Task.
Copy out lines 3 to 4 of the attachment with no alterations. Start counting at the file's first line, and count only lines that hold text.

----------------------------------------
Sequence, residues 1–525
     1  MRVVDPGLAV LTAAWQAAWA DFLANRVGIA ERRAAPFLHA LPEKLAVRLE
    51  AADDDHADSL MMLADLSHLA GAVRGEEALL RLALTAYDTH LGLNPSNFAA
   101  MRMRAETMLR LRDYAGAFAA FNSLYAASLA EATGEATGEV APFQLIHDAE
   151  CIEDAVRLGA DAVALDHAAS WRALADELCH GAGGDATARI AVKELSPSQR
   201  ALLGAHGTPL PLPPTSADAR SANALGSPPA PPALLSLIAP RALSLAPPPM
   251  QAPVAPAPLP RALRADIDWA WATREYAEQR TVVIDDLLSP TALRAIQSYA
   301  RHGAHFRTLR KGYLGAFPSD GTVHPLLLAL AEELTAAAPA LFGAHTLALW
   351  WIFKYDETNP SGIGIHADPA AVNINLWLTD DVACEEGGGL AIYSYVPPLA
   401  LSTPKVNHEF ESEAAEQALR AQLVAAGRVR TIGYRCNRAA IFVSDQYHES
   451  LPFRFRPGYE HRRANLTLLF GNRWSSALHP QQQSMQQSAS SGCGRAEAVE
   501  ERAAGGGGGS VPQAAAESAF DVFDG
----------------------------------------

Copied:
    51  AADDDHADSL MMLADLSHLA GAVRGEEALL RLALTAYDTH LGLNPSNFAA
   101  MRMRAETMLR LRDYAGAFAA FNSLYAASLA EATGEATGEV APFQLIHDAE